See the Rathaus
The Wiener Rathaus (Vienna city hall) is a beautiful neo-Gothic building in the 1st district. Go, have a look and enjoy its gardens. If you visit in the run up to Christmas, you will find one of Vienna’s biggest Christmas markets in front of city hall, along with an ice rink.
You will also find a selection of nice restaurants and cafes in the vicinity.
Things to do in Vienna: Haus der Musik (the House of Music)
Given the strong history that Vienna has with music, it is probably no surprise that they have an entire museum dedicated to all things music. Especially when visiting Vienna with kids, I would urge you to go and explore the House of Music.
Located near the Stephansdom, it is easy to get to. And even without kids, there are loads of things to do and see at the museum. Spread over four floors, you can virtually conduct an orchestra, learn about the great composers, the Vienna Philharmonics and the scientific side of sound.
Tickets are 14 Euros for adults (or 7 Euros, if you visit in the evening).
Take a boat tour down the Danube
Did you know that Bratislava is just about an hour away from Vienna? If you have some time spare, you could take boat trip down the Danube (Is it down? Or is it actually up? TBH, I am not quite sure…well, either way… it will be down the Danube at some point during your return journey) and visit Slovakia’s capital as a little day trip.
I have visited Bratislava before, but have not actually done the Danube boat tour myself. But I would love to, and it is on my list of things to do in Vienna… sooner or later.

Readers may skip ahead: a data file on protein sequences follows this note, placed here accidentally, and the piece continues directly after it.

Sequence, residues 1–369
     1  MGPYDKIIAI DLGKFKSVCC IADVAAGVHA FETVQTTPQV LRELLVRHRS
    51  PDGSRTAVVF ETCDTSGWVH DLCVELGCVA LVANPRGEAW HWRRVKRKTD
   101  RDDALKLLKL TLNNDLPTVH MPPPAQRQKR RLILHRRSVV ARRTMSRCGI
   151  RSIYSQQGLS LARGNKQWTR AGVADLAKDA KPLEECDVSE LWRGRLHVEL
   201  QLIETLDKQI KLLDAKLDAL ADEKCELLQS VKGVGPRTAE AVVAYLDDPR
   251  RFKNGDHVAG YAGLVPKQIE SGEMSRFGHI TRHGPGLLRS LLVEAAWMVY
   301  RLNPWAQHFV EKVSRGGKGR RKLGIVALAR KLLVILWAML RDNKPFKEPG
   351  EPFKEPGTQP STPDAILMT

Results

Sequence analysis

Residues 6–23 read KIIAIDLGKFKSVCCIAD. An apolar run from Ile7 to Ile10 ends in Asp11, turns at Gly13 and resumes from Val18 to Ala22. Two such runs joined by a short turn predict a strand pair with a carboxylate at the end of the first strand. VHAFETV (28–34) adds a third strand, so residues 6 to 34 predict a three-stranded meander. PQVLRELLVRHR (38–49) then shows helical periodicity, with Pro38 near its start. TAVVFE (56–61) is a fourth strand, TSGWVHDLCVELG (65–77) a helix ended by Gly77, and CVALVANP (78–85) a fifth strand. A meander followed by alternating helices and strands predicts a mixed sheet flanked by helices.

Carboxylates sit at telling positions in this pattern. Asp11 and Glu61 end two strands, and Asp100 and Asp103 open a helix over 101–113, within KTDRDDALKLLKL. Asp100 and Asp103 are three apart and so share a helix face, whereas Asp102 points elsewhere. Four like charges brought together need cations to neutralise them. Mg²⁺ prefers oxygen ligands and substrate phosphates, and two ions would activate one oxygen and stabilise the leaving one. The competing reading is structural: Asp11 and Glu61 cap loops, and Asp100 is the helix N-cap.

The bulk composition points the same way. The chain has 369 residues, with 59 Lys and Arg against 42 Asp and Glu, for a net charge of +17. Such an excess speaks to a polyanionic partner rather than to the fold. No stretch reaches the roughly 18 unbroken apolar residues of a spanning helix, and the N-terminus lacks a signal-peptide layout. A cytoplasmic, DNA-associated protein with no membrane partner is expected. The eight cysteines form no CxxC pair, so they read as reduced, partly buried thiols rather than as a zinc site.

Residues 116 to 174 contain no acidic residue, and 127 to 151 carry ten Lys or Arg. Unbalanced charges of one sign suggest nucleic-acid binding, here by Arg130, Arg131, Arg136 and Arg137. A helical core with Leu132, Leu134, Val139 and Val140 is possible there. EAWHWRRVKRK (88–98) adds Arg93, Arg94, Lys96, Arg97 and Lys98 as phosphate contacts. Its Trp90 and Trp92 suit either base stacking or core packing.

Things to do in Vienna: Shopping Trip
As far as I am concerned, no city trip is ever complete without a little retail therapy. And Vienna is no exception. So, last but not least, a shopping trip couldn’t miss on my list of things to do in Vienna. My personal favourite is the Steffl, a Vienna institution and department store on Kärntnerstrasse, just a few paces from the Stephansdom. Maybe not the ideal shop for your everyday shopping, as it can be a little pricy. But I have found so many bargains here over the years, that I just can’t resist to have a browse every time I am in Vienna.
And if you head to the top floor, there is also a roof top bar with great views over Vienna and onto the Stephansdom.
Vienna’s main shopping streets are the Kärntnerstrasse and Graben, as well as the Mariahilferstrasse.
OK, that’s it for now. My list of 19 things to do in Vienna. Obviously, there is loads more. And I might add a few as and when I think of them (I mean, 20 things to do in Vienna would have probably sounded a lot better). Have you been to Vienna? Did you enjoy it? What were your favourite things to do in Vienna?